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Irish Druids And Old Irish Religions

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Author Topic: Irish Druids And Old Irish Religions  (Read 5750 times)
Crissy Herrell
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« Reply #225 on: February 22, 2009, 12:44:01 am »

and crowned. It holds two sceptres crossed in the arms, with crosses at the top. That Clonmacnoise was a sacred spot is evidenced by the two remaining Round Towers there. Its sanctity was continued, though in a Christian channel. Besides the cathedral, there are remains of nine churches. The author of the Round Towers of Ireland is led to exclaim, "Within the narrow limits of two Irish acres, we have condensed more religious ruins of antiquarian value, than are to be found, perhaps, in a similar space in any other quarter of the habitable world."

That writer is disposed to see proofs of some connection between the ancient Irish faith and that of the Zendavesta of Cyrus. Referring to the dog on those crosses, he says--"The personation of a dog--their invariable accompaniment, as it is also found among the sculptures of Persepolis, and in other places in the East--would in itself be sufficient to fix the heathen appropriation of these crosses, as that animal can have no possible relation to Christianity; whereas, by the Tuath de Danaans it was accounted sacred, and its maintenance enjoined by the ordinances of the State."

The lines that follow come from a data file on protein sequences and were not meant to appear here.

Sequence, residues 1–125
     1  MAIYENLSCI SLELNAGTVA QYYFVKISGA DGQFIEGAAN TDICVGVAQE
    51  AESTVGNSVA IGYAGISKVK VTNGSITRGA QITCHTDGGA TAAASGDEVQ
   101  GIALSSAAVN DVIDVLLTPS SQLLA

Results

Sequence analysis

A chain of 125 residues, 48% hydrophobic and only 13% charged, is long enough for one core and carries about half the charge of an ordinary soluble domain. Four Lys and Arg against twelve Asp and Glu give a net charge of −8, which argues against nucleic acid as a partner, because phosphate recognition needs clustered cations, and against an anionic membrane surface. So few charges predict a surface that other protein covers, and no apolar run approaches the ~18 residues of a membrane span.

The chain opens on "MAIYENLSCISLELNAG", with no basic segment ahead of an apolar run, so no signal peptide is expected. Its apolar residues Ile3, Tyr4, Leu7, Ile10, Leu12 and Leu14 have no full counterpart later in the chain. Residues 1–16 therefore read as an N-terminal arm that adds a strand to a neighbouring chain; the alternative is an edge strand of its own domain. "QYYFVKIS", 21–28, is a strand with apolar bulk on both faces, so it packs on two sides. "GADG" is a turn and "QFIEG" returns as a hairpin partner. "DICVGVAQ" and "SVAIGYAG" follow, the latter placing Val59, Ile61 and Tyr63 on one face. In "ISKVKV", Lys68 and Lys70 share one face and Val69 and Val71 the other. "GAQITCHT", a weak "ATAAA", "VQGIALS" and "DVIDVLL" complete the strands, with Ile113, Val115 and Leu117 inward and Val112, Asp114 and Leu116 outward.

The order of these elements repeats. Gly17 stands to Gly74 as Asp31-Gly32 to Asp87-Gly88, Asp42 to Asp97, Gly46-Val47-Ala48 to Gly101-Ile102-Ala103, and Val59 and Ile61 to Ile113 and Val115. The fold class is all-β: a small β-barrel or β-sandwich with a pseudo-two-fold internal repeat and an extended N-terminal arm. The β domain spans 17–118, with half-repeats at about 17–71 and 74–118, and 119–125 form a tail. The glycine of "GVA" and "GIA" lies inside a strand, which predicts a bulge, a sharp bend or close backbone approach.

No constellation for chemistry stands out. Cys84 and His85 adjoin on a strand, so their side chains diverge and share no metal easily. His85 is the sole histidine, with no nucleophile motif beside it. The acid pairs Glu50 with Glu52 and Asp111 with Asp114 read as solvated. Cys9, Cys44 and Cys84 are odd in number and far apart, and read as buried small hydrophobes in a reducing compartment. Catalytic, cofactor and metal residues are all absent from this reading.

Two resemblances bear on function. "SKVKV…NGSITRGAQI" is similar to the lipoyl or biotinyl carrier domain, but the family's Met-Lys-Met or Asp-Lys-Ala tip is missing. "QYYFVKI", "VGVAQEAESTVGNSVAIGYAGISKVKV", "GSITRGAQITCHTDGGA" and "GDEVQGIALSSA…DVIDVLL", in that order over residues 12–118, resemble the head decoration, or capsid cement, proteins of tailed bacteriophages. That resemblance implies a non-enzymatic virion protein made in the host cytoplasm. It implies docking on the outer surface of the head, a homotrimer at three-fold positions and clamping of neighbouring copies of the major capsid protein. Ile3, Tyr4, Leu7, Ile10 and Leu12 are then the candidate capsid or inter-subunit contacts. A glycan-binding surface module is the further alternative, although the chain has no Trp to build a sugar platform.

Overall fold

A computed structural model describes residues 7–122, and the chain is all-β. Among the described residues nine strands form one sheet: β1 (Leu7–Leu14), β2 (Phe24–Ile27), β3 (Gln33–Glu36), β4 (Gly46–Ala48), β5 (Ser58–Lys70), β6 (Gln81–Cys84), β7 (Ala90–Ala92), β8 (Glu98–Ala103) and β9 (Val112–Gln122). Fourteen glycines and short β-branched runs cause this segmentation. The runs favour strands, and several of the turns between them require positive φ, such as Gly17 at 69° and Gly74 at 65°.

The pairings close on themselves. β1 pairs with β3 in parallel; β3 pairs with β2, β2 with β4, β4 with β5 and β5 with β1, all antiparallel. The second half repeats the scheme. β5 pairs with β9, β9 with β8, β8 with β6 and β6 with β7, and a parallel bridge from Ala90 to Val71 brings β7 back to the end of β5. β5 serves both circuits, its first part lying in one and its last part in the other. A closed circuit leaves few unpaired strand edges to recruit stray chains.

Buddhist crosses are well known throughout the East. The Rev. Ernest Eitel, of Hongkong, describing one on Amitabha Buddha, writes, "It is exactly the same diagram which you may have seen engraved on ancient church bells in England, and which learned antiquarians invariably declare to be the hammer of Thor (the Scandinavian god of Thunder). Perhaps, also, you remember to have heard that among the German peasantry, and in Ireland, this same figure is used as a magical charm to dispel thunder. Well, you turn to your friend (Chinese). 'What is the meaning of this?' He informs you that it is the mystic Shibboleth of the believers in the Western Paradise, an accumulation of lucky signs." Anyhow it had a different significance to that we now recognize in the cross.

p. 252

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